Congressman attempts to transfer Fast and Furious blame onto NRA ‘radicals,’ the Senate — Holder obliges

Matthew Boyle Investigative Reporter
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Georgia Democratic Rep. Hank Johnson accused the tea party movement and the National Rifle Association of creating an “manufactured” controversy over Operation Fast and Furious Thursday.

Johnson’s comments came during an interview with The Daily Caller outside the House Judiciary Committee hearing room. Attorney General Eric Holder was testifying before the committee about Fast and Furious — a Justice Department program where Bureau of Alcohol, Tobacco, Firearms and Explosives agents facilitated the sale of about 2,000 guns to Mexican drug cartels.

“I think this is another manufactured controversy by the second amendment, NRA Republican tea party movement,” Johnson said.

Johnson sung a different tune during the hearing, though, comparing the scandal to what he considers a surge in illegal gun sales to criminals.

After asking Holder for the specific number of guns the Justice Department and ATF helped smuggle into the hands of drug cartels — to which Holder responded there were about 2,000 — Johnson alleged that the “gun show loophole” was far worse.

“Now, how many firearms are sold to al-Qaida terrorists, to other convicted felons, to domestic violence perpetrators, to convicted felons, to white supremacists?” Johnson asked Holder. “How many unlicensed gun dealers, or let’s say, how many weapons, how many assault rifles let’s just say in a given year are sold to such individuals by unlicensed gun dealers at these gun shows and how many of those end up walking away to Mexico? Can you give us a number on that?”

“I don’t have a number on that,” Holder said, offering to try to figure out later for Johnson what the exact number was.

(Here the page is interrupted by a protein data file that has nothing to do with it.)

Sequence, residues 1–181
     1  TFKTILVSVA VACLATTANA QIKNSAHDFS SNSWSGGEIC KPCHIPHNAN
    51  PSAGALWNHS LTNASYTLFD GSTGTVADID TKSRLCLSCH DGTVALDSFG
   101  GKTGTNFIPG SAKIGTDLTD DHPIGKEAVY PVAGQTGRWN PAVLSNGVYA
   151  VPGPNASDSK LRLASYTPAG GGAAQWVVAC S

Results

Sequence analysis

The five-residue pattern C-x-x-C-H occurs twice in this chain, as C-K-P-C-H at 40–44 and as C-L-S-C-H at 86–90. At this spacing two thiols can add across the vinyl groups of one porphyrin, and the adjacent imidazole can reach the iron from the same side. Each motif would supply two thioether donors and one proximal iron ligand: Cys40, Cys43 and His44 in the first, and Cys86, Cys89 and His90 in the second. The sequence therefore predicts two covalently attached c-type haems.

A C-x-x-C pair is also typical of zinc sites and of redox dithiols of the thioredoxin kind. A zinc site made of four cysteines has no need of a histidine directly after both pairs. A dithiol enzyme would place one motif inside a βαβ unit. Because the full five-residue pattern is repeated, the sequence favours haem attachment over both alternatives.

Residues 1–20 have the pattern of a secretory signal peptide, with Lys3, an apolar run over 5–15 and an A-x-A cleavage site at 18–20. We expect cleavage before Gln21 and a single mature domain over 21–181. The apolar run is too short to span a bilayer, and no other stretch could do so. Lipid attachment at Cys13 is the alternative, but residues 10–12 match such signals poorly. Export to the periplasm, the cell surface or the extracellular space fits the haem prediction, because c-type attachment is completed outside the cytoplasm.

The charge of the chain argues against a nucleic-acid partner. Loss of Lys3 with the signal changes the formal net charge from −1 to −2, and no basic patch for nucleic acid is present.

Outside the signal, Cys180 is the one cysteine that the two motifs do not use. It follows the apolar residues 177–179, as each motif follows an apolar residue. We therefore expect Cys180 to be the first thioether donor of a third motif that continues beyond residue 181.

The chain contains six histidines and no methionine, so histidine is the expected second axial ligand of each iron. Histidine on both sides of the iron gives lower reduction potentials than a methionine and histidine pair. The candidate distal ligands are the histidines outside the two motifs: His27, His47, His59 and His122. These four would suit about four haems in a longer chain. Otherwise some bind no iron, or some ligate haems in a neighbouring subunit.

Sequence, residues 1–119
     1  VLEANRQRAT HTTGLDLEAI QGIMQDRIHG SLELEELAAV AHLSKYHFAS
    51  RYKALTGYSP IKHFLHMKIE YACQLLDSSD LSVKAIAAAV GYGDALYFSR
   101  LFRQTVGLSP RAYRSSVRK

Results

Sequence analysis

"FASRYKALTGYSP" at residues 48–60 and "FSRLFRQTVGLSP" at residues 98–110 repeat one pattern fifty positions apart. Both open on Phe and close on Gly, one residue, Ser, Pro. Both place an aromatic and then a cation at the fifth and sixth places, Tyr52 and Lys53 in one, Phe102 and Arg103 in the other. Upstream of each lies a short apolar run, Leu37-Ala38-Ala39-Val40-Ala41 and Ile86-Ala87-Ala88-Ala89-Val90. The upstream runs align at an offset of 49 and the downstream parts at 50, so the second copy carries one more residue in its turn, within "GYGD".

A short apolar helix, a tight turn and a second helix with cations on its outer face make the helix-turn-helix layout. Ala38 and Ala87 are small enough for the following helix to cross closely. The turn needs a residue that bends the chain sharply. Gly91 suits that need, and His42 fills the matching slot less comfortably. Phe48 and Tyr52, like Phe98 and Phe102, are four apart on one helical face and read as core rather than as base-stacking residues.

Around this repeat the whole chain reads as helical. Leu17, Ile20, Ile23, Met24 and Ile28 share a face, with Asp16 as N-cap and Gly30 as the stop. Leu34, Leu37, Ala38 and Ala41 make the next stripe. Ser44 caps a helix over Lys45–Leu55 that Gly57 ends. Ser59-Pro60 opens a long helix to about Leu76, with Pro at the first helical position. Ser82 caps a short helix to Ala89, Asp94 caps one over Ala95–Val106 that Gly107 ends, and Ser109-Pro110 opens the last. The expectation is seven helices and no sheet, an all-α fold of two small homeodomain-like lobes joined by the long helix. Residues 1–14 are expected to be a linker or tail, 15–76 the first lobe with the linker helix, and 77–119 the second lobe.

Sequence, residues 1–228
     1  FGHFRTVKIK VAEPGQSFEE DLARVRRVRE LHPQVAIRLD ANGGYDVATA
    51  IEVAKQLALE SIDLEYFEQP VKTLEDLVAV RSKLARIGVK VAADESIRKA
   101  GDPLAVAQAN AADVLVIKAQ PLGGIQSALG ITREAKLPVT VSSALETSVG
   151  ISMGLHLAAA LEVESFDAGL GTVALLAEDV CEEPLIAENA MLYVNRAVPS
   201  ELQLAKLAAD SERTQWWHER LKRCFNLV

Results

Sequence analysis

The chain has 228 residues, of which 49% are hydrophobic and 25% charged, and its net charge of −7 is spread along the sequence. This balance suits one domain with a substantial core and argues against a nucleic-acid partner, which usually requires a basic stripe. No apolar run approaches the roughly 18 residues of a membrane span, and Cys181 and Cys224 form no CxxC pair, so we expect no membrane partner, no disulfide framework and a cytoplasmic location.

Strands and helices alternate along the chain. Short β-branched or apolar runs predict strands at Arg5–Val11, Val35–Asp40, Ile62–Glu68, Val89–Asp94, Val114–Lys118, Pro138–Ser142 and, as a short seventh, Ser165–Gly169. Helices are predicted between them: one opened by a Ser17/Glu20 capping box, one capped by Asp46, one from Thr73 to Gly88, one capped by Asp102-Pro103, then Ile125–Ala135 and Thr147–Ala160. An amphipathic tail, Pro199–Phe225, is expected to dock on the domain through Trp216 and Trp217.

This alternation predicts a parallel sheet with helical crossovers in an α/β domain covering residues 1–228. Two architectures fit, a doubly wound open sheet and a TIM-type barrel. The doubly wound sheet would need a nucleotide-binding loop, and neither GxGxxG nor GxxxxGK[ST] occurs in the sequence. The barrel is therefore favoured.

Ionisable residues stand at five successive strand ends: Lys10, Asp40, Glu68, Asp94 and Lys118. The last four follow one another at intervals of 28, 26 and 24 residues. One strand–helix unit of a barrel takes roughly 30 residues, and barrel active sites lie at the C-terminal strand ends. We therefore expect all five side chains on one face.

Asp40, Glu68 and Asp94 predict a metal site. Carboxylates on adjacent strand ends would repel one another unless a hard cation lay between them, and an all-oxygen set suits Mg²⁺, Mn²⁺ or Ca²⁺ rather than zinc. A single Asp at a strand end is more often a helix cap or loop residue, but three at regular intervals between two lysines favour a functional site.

“Would it be more than a couple of hundred?” Johnson followed up, likely meaning to say a couple “thousand” because his reference was in the context of Fast and Furious.

Though Holder previously admitted to Johnson he didn’t have those statistics, he played into the argument without the facts.

“I’m pretty certain it’d be more than 2,000, but in terms of getting those numbers to you, I can try to do that after the hearing,” he said.

Johnson also claimed that the Senate is to blame for operations like Fast and Furious because it’s been almost six years since Congress’ upper chamber confirmed a presidential nominee as the head of the ATF.

“Over the past five and a half years, we’ve had five acting directors of the ATF,” Johnson said. “The Senate’s failure and refusal to confirm a nominee for that important agency. What affect does that have on the ability of that agency to be guided in such a way so we can avoid situations like Fast and Furious?”

“I think that’s actually a very good point,” Holder said. “When you have a confirmed head, there’s a certain prestige that goes with that demarcation. But, beyond that, it allows a person to have a longer term and a certain consistency to put in place the programs, put in place controls that don’t exist and allowed Fast and Furious to happen.”

Johnson finished off his questioning by commenting that he thinks conservatives are systematically trying to prevent the ATF from functioning. “I think the NRA and other Second Amendment rights radicals have confidence that the U.S. will not have a competent ATF head,” he said.

House oversight committee chairman Rep. Darrell Issa, who also sits on the Judiciary Committee, was up next in questioning and struck back at Johnson’s inflammatory rhetoric. “I’d be remiss if I didn’t take exception to calling the NRA members, millions of them, radicals,” Issa said. “I think that’s an offensive statement and that it’s beneath this committee.”


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Videography by Direna Cousins